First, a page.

10 Nights | 10-DAY NORWEGIAN FJORDS FROM LONDON (SOUTHAMPTON)
Terms, conditions and restrictions apply; pricing, availability, and other details subject to change and/ or apply to US or Canadian residents. Please confirm details and booking information with your travel advisor.
You will visit the following 8 places:
Stavanger is a city and municipality in Norway. The urban area of Stavanger stretches across many neighboring municipalities, making it the third largest city in Norway by total urban population with 197 852 inhabitants as of January 1, 2011. Stavanger's core is to a large degree 18th- and 19th-century wooden houses that are protected and considered part of the city's cultural heritage. This has caused the town centre and inner city to retain a small-town character with an unusually high ratio of detached houses, and has contributed significantly to spreading the city's population growth to outlying parts of Greater Stavanger. The city's rapid population growth in the late 20th century was primarily a result of Norway's booming offshore oil industry. Today the oil industry is a key industry in the Stavanger region and the city is widely referred to as the Oil Capital of Norway. Multiple educational institutions for higher education are located in Stavanger. The largest of these is the University of Stavanger.
Southampton is the largest city in the county of Hampshire on the south coast of England, and is situated 120 kilometres (75 mi) south-west of London and 30 kilometres (19 mi) north-west of Portsmouth. Southampton is a major port and the closest city to the New Forest. It lies at the northernmost point of Southampton Water at the confluence of the River Test and River Itchen, with the River Hamble joining to the south of the urban area. The local authority is Southampton City Council, which is a unitary authority. Just over a quarter of the jobs available in the city are in the health and education sector. A further 19 per cent are property and other business and the third largest sector is wholesale and retail, which accounts for 16.2 percent. Between 1995 and 2004, the number of jobs in Southampton has increased by 18.5 per cent. Southampton has always been a port, and the docks have long been a major employer in the city. In particular, it is a port for cruise ships; its heyday was the first half of the 20th century, and in particular the inter-war years, when it handled almost half the passenger traffic of the UK. Today it remains home to luxury cruise ships, as well as being the largest freight port on the Channel coast and fourth largest UK port by tonnage, with several container terminals. Unlike some other ports, such as Liverpool, London, and Bristol, where industry and docks have largely moved out of the city centres leaving room for redevelopment, Southampton retains much of its inner-city industry.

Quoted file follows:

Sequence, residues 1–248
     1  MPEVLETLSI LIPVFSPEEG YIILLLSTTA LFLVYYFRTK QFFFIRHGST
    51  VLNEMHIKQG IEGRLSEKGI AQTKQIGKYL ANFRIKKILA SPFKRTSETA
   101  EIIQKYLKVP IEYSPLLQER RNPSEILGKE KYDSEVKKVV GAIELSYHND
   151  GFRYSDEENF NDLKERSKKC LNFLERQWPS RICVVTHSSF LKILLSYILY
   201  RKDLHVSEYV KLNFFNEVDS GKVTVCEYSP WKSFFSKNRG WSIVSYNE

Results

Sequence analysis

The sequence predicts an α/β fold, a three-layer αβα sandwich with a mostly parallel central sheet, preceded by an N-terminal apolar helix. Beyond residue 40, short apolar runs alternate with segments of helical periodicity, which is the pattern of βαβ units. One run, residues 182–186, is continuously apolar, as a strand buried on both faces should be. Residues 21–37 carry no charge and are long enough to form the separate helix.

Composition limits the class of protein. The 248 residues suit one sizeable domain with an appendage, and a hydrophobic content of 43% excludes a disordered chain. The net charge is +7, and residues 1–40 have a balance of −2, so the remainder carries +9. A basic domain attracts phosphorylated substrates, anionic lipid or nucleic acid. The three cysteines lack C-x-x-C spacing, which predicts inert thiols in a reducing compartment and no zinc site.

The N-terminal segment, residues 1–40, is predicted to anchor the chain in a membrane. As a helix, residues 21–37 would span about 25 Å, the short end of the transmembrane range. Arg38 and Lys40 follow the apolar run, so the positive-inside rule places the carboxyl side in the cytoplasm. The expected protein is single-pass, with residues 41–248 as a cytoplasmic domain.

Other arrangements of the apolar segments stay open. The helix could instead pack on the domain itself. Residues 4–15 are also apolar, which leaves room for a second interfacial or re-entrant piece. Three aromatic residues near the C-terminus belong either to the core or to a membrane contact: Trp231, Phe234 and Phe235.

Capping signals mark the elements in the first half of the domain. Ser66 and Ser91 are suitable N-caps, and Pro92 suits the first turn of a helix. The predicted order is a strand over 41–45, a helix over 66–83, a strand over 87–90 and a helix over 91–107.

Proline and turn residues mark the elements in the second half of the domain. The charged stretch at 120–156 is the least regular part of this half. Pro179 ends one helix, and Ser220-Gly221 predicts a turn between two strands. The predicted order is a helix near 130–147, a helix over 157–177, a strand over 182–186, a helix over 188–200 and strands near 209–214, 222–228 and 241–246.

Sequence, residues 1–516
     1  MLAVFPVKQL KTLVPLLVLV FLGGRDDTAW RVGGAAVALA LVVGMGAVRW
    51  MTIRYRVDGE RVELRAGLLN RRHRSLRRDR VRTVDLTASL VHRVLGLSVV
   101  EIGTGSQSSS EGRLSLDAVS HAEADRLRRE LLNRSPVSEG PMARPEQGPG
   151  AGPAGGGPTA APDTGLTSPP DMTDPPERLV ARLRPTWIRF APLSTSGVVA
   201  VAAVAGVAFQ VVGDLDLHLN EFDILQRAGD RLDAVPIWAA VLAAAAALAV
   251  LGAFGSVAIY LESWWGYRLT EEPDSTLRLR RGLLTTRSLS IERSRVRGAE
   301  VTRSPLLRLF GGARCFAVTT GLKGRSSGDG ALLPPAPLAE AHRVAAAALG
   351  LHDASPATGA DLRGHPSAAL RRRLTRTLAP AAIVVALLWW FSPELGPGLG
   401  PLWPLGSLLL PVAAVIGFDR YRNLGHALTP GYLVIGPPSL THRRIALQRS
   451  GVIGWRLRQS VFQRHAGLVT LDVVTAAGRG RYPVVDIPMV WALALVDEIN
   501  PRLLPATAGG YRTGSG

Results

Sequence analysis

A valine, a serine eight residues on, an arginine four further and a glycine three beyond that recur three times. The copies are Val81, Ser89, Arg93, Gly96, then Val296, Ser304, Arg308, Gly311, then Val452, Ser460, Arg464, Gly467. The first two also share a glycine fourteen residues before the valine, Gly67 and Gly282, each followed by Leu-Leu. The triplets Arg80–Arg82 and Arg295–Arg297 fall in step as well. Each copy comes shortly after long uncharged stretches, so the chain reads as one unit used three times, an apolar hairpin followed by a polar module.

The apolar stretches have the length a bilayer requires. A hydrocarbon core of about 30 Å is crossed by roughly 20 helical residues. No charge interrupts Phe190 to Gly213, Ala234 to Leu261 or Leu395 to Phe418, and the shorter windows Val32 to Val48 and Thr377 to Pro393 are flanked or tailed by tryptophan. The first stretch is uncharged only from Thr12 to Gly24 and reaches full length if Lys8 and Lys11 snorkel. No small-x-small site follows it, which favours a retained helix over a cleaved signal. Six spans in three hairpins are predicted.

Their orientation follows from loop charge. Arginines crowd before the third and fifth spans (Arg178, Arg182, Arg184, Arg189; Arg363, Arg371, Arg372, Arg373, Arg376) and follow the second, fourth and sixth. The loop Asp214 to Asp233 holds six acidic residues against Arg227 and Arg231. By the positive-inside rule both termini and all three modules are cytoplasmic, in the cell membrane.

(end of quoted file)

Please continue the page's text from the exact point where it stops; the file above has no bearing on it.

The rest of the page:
Oslo is a county and municipality, as well as the capital and largest city in Norway. Oslo was established as a municipality on 1 January 1838. Founded around 1048 by King Harald III "Hardraade" of Norway, the city was largely destroyed by fire in 1624. The Danish–Norwegian king Christian IV moved the city, rebuilding it closer to Akershus fortress, as Christiania (briefly also spelt Kristiania). In 1925, the city reclaimed its original Norwegian name, Oslo. The diocese of Oslo is one of the five original dioceses in Norway, which originated around the year 1070.
Haugesund is a town and municipality in Rogaland county, Norway. The majority of the population of Haugesund lives in the main urban area surrounding the city centre, with the northwestern part of the municipality being fairly rural. The town also offers a much wider range of goods and services than might be expected from a city of its size (approx. 32,000 inhabitants; 42,000 including all suburbs), due to its position as the definite center of its relatively populous region.